A use for Classical AI -- Expert Systems

by Glpusna1 min read31st Mar 20212 comments

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Two questions from different perspectives. Why do colleges teach calculus, physics, and chemistry? Why don't they just tell students to "read the book, answer the questions and solve the problems? When done, we will test you." There are a lot of issues that involve money, perceived prestige, etc., but one of the main reasons colleges can't do that is that most text books are not written for self learners. You have to work hard to learn without the guidance of an instructor/tutor. 

Today, we can use YouTube and other videos to help. But, consider what it would be like to have an expert system on each topic that is designed to help you learn? If you surf the net, you can follow links that you find interesting. Similarly, if you were learning and ran into difficulty, you could follow a link that would help you learn that topic. The current Covid virus has put a lot more demand on self-learning and has demonstrated how ineffective it is. Expert systems could be designed as study aids and as games to make learning easier and sometimes fun. 

As more people get replaced by robots and automation, there will be a need to educate them in new fields. AI could help with that education. The traditional educational  alternative is very costly. An additional alternative is to have people just wallow in ignorance while the world passes them by -- there was a Star Trek episode about a race of people who said: "We are smart" and who traveled through space acquiring technology that they could use but didn't understand. Our replaced workers could meet the same fate. A better alternative is to create educational expert systems to help them learn. I am currently developing an expert system in chemistry. There is an old saying: "If you want to learn something, teach it." I don't have anyone to teach, but I can learn a great deal by constructing my own system. In doing so, I have experienced first hand how poor some text books are. Two of my objectives are to solve each problem correctly and to explain, at any level of detail, what theories, factors, equations, etc. are involved. I have delayed indefinitely answering questions until an adequate NLP system exists. I choose Chemistry because we all know that "Chemists have all the solutions."

Any expert systems that have been or will be developed can be used as building blocks for more complex systems. Each such base system would be safe because it would not have any autonomous elements. We already have the knowledge, let's use AI to pass that knowledge on to others.

There may be a way to accomplish the above with deep learning, but I don't know enough about it to evaluate it adequately. In the meantime, I can fall back on what I do know and can learn.

Comments, criticism? As Dumbo might have said: "I'm almost all ears."

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First question : have you any experience in teaching ? People who don't tend to underestimate badly how hard teaching is and how rare true self-teacher are.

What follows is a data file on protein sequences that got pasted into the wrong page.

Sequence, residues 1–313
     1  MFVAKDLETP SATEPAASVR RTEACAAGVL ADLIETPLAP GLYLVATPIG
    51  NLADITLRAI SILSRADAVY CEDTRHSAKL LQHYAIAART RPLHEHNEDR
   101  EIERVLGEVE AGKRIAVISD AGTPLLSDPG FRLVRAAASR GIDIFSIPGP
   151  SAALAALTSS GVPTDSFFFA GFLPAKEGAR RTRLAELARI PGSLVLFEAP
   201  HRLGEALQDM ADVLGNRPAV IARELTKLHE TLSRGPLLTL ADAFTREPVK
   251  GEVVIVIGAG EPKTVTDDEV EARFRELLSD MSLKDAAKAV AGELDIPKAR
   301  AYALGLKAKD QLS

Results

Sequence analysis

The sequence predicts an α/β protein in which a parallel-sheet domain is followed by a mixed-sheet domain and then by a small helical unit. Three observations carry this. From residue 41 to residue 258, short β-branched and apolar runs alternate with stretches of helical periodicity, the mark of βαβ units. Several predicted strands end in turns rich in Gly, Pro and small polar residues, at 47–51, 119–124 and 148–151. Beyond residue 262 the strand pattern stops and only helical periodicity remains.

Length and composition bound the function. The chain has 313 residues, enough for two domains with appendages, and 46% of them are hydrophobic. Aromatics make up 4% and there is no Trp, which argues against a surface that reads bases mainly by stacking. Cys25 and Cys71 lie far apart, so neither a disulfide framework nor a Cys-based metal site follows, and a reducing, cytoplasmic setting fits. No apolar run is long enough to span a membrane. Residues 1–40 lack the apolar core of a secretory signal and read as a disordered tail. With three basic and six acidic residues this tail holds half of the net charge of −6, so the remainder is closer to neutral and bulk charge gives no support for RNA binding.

It's not a simple case of giving an answer, and giving a more detailed answer if the student does not understand. You need an adaptability that seems to be outside the reach of AI right now (emphasis "now"), as the exact same answer will be luminous for one student and completely obscure for an other. Besides teaching has a lot to do with transmitting tacit knowledge that is not easily shared through text or videos.

And you also have to take into account that for most student the main motivation to learn is a mixture of carrot/stick grades and something that comes from the personal relation with the teacher in a way that an online experience will not be able to replicate.

hanks for the comments. 

The only formal teaching I have done was as a US Navy Flight Instructor. However, in my other roles in life, I have had a lot of opportunities to teach/tutor/coach one-on-one and in groups. I am familiar with different student needs and learning styles, and with how different text books and other learning materials can satisfy the needs of different students. Interaction with a teacher/tutor/coach is important and much more efficient than searching through many textbooks and in small groups can create a bond. Unfortunately, the large class sizes in many courses in many colleges and on-line learning do not satisfy the bonding issue. There are also many courses of study that require hands-on learning that will never be satisfied by a textbook or a lecture class style. My main point is that expert systems in specific knowledge areas may be able to do a lot more than what many textbooks can do. Two very different styles of textbooks are the traditional textbook and the step-by-step books. Traditional textbook authors try to explain their topic in an engaging (sometimes entertaining, sometimes fun) way that can at times interfere with the logical flow of the topic. In step-by-step books, the author needs to start with the logical flow and then add variety. An expert system is a computer program that almost by definition needs to have a structured, logical flow. In any case, the future needs of society will require a lot more education for some people and a lot less for others. I think it will be beneficial to society to made getting a better education easier for all, and more attractive to those who aren't required to get become better educated.